From a theological standpoint, hospitality is not a small thing. It’s part of what it means to be like God and to be like Jesus. Which is why the early Christians not only gathered for worship with one another, but they extended hospitality to everyone around them who was in need, including total strangers.
Why Don’t We Show More Hospitality?
Let me ask one more question before I close. If showing hospitality, if welcoming others, is so important, then why does it seem to be so rarely practiced among Christians? And the reason I say that it’s rarely practiced is because I’ve witnessed it. And I suspect that you have, too.
How many of you have ever visited another church, gone in, sat down, spent an hour in worship and left without even one person speaking to you? How do we expect to show love toward strangers and meet their needs, if we can’t even be bothered to say hello when one of them is sitting right next to us?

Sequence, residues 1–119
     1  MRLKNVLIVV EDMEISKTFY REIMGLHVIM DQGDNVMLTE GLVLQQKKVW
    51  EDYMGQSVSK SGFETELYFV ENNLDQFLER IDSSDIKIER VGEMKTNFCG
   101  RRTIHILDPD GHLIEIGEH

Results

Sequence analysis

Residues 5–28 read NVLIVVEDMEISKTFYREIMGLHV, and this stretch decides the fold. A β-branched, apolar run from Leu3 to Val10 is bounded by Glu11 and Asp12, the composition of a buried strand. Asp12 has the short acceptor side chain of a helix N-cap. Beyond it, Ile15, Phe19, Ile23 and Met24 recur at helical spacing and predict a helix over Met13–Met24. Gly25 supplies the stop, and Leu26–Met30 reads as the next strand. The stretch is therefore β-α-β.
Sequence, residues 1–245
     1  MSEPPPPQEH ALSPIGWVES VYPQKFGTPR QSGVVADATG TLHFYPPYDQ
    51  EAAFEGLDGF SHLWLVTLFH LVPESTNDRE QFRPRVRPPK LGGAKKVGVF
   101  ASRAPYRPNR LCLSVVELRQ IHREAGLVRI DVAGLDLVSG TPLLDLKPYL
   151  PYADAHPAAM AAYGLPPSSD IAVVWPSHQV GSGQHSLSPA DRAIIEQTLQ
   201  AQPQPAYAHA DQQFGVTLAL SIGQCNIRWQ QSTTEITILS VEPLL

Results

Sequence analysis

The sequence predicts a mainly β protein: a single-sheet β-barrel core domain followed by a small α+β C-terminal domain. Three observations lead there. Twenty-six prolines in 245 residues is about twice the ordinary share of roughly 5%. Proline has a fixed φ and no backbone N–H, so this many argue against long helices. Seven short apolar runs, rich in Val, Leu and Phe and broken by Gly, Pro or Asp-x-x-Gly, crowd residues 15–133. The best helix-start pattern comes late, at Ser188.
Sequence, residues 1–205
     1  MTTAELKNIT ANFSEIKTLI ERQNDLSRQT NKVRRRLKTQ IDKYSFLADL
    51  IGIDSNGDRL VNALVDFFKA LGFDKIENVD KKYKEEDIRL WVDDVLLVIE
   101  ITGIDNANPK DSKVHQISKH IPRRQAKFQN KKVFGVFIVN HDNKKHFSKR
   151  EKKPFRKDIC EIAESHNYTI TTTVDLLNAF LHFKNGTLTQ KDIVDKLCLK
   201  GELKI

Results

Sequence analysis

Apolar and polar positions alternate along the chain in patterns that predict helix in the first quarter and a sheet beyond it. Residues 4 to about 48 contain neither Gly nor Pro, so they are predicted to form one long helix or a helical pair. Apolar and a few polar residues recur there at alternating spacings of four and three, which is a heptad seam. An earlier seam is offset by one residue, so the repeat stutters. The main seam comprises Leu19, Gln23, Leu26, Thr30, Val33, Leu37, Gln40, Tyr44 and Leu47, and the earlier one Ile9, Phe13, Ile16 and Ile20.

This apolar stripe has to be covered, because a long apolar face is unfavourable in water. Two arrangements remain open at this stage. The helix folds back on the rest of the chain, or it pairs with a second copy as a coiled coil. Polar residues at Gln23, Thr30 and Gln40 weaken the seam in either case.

Now, personally, I think that many of you do an outstanding job of welcoming those who come into our midst, so I’m not trying to step on anybody’s toes this morning. But generally speaking, you know as well as I do, that Christians often don’t do a very good job of this. And there are many churches who don’t seem to do anything to meet the needs of the people of their community.
So why is that? Why are we hesitant to show hospitality? And I think there are probably a number of reasons, but there are three that come to mind.
First of all, we like being comfortable. And showing love to others will often make us uncomfortable. It means that I have to actually make an effort to find out what your needs are and then I have to make an effort to meet those needs. It’s much more comfortable for me to just ignore the strangers around me, slip out the door, get back to my house and sit back and enjoy myself.
Secondly, and this relates to what I preached about last week, many of us are just too busy to meet the needs of others. Our lives are so busy — crowded with appointments, ballgames, deadlines, and countless activities. Hospitality takes time and we can’t do it if our lives are already full.
Thirdly, and perhaps this is the biggest reason why we are hesitant to show hospitality to strangers, is fear. We’re afraid of people we don’t know. Afraid of someone who’s different from us. Afraid of being harmed. Afraid of being rejected.